Leadership and Self-Deception – Someone gave me this book right before I got on a plane when I was complaining that I didn’t have anything to read.  It’s a self help book, styled as dialogues between an employee of a company and his bosses.  Written in 2002, the main idea is that it is not what you do, but why you do it that matters.  The central advice is that whenever you want to do something to help another person, you should do it, otherwise you make excuses for yourself and it starts a downward spiral.  I don’t agree with everything from the book, but I believe that the world would be a better place if people were motivated to help others more often.

The Last Lecture- I had seen Randy Pausch’s last lecture on youtube before, but had not read the book.  For those who don’t know, Randy Pausch was diagnosed with terminal pancreatic cancer and was given 6 months to live.  He spent that time trying to make life better for his wife and his three young children.  Pausch was a professor at Carnegie Mellon and was given the opportunity to give a “last lecture.”  It was recorded and Pausch used the time to talk about how to live life, pursue your own dreams and enable the dreams of others.  It is a sad and uplifting book at the same time.  It is well written and funny, informative and wise.  I especially liked the section about enabling the dreams of others.  The Last Lecture is one of the best books I’ve ever read and should be required reading in high school classes.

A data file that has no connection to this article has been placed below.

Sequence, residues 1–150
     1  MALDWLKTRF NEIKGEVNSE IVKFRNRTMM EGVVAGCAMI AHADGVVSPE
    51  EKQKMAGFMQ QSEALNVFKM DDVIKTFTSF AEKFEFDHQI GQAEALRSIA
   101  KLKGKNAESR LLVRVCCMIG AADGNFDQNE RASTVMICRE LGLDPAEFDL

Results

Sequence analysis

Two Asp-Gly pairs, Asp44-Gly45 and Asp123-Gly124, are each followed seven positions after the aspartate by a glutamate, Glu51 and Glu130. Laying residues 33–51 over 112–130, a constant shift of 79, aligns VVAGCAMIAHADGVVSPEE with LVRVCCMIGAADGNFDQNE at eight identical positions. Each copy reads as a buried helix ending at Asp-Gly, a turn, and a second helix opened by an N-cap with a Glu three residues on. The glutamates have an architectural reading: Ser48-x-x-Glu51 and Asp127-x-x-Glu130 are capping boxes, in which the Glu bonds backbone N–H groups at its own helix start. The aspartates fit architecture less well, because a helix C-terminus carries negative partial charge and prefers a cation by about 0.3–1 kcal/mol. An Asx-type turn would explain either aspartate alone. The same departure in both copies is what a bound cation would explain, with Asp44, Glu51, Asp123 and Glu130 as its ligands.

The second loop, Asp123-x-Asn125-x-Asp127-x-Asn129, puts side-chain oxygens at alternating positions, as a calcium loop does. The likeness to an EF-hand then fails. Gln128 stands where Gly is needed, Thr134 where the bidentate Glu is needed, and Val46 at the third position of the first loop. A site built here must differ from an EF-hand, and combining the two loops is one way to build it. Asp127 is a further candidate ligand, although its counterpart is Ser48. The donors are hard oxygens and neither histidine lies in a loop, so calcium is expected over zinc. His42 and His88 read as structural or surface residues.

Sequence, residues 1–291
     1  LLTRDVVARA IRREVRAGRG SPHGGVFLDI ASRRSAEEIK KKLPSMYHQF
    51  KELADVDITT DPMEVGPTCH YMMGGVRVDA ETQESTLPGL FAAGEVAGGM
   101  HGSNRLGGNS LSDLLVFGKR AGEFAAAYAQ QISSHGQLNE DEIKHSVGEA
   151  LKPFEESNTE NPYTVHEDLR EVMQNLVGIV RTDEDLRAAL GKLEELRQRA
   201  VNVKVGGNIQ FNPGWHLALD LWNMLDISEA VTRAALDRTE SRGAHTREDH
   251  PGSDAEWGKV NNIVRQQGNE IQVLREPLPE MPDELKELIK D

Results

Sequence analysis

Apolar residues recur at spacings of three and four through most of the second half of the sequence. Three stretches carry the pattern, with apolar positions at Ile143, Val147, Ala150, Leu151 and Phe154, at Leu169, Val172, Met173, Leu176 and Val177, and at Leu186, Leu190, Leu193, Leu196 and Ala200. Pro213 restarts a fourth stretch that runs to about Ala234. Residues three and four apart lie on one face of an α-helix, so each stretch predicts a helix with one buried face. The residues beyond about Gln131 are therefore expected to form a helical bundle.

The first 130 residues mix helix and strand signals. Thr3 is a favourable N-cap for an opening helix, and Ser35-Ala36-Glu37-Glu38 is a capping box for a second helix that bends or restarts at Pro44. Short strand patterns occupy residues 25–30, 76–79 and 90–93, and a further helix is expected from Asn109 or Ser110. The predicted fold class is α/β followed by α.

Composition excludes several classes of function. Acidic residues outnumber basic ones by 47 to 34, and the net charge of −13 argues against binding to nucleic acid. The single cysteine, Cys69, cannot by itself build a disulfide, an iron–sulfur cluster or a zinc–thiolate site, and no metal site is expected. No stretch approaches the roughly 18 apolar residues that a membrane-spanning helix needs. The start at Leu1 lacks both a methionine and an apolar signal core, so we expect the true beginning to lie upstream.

February Books

It’s been a busy last two months, so I haven’t been able to read as much as I’d like to.  I only had a chance to read two books this month, but both were really good.